by Brian Brady
I attended the first “mano a mano” Mayoral debate between Republican Carl DeMaio and Democrat Bob Filner Thursday night at the Institute of the Americas at UCSD. The topic was relations with Mexico. Ten years ago, I thought The San Diego/Tijuana region was a megalopolis with untapped potential but after the murder of Rosarito’s mayor, I resigned myself to the fact that Mexico’s corrupt government ceded power to the cartels, rendering the prospect of regional trade doubtful. After watching the debate, I realized there are good opportunities for regional commerce.
The crowd was mostly pro-Filner with less than 15 percent of the 100 people who attended in the DeMaio camp. The format was to have the candidates answer questions which were submitted from the audience and was moderated by Tom Fudge from KPBS. Fudge had his hands full, trying to keep Filner on topic.
The first question was directed to both candidates, asking them if they would enforce federal immigration law in the City of San Diego. Filner predictably parroted the Obama Administration’s talking points about how enforcing federal immigration law led to racial profiling and violated the civil rights of Mexican citizens in America. Filner intimated that the San Diego police dont have the super human powers the federal agents have to enforce immigration law.
DeMaio explained that his number one priority as Mayor is public safety. He reminded us that legal immigrants, as well as Americans of Mexican descent, were victims of the crime promulgated by many illegal aliens. DeMaio didn’t go so far as to promote the Arizona solution but did say there were opportunities for San Diego law enforcement to work in coordination with federal immigration officials. He made it clear that racial profiling would never be tolerated in a DeMaio Administration. Filner visibly rolled his eyes and muttered his disbelief.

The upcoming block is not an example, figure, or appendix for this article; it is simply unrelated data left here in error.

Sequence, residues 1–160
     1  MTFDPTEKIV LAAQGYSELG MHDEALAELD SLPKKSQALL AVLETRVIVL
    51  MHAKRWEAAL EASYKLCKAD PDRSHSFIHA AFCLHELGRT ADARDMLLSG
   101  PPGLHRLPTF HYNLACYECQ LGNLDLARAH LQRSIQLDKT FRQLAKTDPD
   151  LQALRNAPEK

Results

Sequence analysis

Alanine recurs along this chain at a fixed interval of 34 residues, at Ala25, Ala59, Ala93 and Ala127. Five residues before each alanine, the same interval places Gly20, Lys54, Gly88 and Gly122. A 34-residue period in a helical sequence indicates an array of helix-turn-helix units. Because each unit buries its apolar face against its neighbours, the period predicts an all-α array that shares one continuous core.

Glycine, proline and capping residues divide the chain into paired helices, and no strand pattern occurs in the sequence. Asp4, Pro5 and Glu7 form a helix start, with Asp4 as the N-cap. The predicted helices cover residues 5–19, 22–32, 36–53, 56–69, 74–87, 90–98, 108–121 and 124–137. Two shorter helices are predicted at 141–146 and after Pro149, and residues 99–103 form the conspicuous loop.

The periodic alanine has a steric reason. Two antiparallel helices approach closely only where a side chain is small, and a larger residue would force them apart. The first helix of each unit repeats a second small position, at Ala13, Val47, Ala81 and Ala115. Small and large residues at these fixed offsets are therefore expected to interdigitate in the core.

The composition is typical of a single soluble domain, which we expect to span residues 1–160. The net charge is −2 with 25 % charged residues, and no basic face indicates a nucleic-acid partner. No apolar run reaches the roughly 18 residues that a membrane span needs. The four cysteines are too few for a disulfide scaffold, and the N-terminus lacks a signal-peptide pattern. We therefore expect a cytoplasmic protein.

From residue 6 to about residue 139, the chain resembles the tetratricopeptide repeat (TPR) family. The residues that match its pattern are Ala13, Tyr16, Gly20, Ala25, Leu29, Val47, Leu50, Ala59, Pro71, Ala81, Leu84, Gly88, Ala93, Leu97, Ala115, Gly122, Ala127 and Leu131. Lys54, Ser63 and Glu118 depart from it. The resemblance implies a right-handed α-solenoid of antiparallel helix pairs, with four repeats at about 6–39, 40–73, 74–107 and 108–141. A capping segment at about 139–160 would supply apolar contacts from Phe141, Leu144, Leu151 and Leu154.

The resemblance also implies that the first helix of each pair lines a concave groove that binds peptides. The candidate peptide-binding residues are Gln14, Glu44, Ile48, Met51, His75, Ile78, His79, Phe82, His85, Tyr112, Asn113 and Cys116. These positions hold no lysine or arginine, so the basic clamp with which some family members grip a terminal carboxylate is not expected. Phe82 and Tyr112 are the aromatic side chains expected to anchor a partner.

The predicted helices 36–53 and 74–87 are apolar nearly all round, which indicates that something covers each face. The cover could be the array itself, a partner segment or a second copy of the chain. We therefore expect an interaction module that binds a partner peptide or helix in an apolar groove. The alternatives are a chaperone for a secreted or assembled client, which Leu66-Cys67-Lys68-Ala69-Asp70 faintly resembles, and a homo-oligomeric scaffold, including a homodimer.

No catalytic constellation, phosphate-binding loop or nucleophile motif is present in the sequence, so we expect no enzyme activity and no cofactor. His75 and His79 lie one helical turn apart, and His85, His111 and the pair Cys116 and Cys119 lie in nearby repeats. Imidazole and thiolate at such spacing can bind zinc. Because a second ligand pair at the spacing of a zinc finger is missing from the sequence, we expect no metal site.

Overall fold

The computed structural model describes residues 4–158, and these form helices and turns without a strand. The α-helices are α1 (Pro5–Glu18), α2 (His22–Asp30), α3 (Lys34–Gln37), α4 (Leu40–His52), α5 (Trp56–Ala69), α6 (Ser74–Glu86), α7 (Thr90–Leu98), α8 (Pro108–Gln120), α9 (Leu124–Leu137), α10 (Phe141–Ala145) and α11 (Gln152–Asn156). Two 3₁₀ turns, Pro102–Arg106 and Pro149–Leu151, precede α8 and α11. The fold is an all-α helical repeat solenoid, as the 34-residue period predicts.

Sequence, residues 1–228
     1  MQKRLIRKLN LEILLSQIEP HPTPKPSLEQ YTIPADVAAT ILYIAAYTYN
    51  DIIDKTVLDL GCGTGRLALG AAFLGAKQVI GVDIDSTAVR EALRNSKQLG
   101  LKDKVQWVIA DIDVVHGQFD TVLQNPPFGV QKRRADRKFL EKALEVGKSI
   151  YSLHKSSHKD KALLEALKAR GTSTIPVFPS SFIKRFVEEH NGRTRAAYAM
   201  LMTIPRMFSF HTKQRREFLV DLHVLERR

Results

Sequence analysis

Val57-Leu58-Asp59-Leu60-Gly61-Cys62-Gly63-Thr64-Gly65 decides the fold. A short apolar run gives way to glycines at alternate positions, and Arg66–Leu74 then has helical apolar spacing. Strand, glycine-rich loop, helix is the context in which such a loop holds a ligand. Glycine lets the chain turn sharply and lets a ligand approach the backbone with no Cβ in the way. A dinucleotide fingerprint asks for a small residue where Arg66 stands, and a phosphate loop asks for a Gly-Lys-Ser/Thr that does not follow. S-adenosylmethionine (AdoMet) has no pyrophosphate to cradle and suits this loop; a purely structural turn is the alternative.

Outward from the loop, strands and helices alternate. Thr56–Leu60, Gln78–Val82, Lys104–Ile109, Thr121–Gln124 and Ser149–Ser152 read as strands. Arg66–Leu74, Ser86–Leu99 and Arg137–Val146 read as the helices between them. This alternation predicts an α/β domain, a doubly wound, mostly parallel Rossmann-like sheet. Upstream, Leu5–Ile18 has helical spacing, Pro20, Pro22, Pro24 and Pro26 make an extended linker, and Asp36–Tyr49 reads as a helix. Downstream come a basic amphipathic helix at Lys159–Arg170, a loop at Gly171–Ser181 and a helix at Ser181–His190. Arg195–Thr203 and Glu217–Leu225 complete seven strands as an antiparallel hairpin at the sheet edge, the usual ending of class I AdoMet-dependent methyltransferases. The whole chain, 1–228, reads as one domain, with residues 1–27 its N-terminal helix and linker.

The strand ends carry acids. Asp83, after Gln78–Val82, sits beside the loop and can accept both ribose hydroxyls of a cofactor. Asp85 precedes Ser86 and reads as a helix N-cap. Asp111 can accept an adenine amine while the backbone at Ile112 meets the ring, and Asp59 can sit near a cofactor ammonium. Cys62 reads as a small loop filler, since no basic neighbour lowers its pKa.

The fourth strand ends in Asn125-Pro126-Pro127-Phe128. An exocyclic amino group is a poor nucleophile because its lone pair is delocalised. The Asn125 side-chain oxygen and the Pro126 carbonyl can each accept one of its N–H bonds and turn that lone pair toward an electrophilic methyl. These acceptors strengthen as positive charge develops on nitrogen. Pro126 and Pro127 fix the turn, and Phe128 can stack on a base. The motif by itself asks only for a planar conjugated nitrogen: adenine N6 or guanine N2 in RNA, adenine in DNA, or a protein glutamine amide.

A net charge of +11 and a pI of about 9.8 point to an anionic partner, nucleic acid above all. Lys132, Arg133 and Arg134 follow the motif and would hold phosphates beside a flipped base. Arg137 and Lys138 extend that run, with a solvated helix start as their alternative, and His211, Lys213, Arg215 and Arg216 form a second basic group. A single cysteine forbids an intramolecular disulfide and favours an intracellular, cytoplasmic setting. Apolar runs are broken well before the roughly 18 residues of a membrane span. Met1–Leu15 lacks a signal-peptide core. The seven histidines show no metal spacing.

Both candidates acknowledged that the border wait times were impeding commerce but only DeMaio offered a solution. Filner touted his accomplishments at securing federal funding for the 905 and Otay Mesa border crossing while DeMaio promoted the idea of technology for collaborative efforts between both countries to enforce immigration laws more efficiently and facilitate international trade. DeMaio noted that the technology was already available at UCSD.
DeMaio announced that he would be leading a delegation to Tijuana for three days to discuss these issues which prompted Filner to attack his commitment to the idea. Filner accused DeMaio of not visiting Mexico which prompted a question from the audience asking how many times each candidate had been to Mexico in the past year.
DeMaio explained that he had been busy defeating Proposition D sales tax and working on comprehensive pension reform. Filner rattled off a number of Mexican cities he’d visited, reminding me of Johnny Cash, but wouldn’t state if he’d been to Mexico in the past year.
When asked about the maquiladores, DeMaio explained that both sides of the border benefit when one side advances economically, He seemed to understand that the region, while currently bifurcated, still complements one another, DeMaio explained that the maquis are attracting jobs which had formerly been in China and understood that, as the standard of living rises on the Mexican side of the border, American stores and businesses benefit.